Fractured Mobilization: Miami’s Little Haiti Confronts Mega-Real Estate Speculation

Disenfranchised urban communities worldwide are increasingly vulnerable to land dispossession and cultural erasure as neoliberal regimes unleash intensified financial speculation within polarizing and splintering local/global class and racialized disparities. A dilemma of disenfranchised communities when confronting speculative intrusions where prospective allies have become marginalized or eliminated is whether, and to what degree, to resist such threats contentiously at the risk of zero-sum defeat versus accommodative negotiations seeking to rescue modest benefits while mitigating dislocations. The forms and intensities of community responses can be conceptualized as embedded within multiscalar state society and local politico-spatial configurations. From that perspective, I address a predominantly Black immigrant district, Miami’s Little Haiti, as it confronts mega-real estate speculation within a metropolitan political economy of corporate real estate hegemony and accelerating racialized expulsions. The contentious versus accommodative dilemma and local/supralocal political landscape fractured and neutralized the Haitian collective responses. I conclude by discussing the case’s theoretical/comparative implications.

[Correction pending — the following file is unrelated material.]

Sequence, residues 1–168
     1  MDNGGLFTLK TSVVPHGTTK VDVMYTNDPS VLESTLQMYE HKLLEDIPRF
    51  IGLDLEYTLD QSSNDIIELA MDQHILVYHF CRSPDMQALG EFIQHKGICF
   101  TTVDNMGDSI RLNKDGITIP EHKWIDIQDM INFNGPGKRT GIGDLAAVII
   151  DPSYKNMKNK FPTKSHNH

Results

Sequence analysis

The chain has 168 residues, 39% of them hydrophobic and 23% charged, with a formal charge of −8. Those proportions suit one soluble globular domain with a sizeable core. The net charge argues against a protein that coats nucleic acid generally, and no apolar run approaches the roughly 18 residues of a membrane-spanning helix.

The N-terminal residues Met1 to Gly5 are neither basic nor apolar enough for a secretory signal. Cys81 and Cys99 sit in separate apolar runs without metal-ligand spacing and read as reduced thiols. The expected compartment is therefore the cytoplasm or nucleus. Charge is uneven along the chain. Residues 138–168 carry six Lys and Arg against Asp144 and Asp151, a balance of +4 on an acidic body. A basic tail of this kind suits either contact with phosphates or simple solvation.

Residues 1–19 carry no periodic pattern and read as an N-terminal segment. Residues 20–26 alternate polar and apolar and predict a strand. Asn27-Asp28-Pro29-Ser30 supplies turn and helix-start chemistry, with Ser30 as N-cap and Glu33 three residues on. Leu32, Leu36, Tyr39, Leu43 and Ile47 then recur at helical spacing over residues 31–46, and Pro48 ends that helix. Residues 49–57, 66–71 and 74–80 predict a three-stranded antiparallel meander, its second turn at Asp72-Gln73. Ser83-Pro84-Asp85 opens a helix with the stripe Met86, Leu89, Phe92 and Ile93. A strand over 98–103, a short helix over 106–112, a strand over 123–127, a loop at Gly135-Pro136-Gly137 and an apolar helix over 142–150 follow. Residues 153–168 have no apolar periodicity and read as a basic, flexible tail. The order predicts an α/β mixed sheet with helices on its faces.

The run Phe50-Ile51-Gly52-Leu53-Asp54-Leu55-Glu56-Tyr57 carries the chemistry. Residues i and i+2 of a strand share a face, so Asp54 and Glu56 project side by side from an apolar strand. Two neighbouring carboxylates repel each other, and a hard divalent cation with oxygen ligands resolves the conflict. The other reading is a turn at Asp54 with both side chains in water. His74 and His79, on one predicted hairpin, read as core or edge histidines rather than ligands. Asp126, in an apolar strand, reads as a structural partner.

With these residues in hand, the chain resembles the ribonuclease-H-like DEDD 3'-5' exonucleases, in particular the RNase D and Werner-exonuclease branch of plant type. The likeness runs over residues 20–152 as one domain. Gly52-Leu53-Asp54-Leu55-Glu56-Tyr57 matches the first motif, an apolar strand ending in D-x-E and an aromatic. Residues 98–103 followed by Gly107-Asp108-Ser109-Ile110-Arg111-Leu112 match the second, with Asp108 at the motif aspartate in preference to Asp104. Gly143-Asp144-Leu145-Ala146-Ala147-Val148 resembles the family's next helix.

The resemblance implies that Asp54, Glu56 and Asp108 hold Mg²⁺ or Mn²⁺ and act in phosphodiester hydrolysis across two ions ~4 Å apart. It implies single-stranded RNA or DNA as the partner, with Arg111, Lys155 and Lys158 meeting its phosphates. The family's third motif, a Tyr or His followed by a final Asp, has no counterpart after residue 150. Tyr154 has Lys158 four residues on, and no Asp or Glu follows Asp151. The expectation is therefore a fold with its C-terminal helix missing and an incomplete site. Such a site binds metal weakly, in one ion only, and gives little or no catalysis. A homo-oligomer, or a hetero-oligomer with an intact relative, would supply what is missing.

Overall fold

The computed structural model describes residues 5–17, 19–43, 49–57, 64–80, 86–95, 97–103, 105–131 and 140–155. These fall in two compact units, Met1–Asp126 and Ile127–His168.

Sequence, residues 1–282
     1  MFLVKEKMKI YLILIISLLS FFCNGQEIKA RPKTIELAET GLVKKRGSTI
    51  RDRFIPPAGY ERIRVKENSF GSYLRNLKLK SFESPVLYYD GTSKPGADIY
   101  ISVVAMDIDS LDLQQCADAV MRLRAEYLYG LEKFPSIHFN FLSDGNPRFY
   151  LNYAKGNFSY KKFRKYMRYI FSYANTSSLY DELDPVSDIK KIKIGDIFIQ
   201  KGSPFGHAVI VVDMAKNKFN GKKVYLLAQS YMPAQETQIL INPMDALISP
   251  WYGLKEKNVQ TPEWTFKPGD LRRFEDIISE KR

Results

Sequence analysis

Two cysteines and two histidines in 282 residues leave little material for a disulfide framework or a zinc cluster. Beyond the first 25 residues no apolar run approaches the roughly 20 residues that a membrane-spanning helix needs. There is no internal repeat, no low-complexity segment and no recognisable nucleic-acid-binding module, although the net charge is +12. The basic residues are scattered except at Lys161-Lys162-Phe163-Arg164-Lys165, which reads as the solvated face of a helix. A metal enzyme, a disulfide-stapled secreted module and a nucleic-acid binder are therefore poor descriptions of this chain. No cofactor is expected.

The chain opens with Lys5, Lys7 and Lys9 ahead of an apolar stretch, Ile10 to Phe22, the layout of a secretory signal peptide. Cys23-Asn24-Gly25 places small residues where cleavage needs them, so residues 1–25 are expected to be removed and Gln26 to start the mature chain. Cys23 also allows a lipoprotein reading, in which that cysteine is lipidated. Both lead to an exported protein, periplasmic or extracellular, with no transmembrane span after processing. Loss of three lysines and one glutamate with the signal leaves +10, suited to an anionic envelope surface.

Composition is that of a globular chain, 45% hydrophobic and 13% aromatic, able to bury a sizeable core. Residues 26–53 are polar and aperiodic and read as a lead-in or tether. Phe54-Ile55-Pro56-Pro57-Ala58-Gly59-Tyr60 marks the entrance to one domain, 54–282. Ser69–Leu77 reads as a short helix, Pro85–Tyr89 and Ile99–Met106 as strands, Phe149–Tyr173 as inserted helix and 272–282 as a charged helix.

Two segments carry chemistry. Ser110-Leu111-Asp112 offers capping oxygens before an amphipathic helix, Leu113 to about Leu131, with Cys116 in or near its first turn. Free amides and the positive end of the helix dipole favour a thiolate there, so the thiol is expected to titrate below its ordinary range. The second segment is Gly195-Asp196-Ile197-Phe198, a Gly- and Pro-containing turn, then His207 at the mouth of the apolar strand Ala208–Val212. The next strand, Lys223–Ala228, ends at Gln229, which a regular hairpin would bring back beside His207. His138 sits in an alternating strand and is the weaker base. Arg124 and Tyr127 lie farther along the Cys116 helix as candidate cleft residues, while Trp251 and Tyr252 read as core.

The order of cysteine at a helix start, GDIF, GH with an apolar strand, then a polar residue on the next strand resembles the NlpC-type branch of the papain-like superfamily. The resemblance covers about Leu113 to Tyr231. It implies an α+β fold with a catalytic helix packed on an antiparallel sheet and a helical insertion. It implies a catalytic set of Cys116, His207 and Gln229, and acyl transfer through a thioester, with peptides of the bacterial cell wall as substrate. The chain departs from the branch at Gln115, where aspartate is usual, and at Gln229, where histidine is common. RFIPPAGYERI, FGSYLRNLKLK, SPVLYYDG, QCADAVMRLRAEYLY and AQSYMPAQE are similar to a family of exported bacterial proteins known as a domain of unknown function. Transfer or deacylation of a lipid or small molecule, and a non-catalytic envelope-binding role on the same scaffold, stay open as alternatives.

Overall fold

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Document Type
article
ISSN
2336-2839
Volume / Issue
11 / 1
Pages
127-136
Date of publication
20.6.2024

Cite this article

copy
Tardanico, R. 2024. ‘Fractured Mobilization: Miami’s Little Haiti Confronts Mega-Real Estate Speculation.’ Critical Housing Analysis 11 (1): 127-136. https://doi.org/10.13060/23362839.2024.11.1.570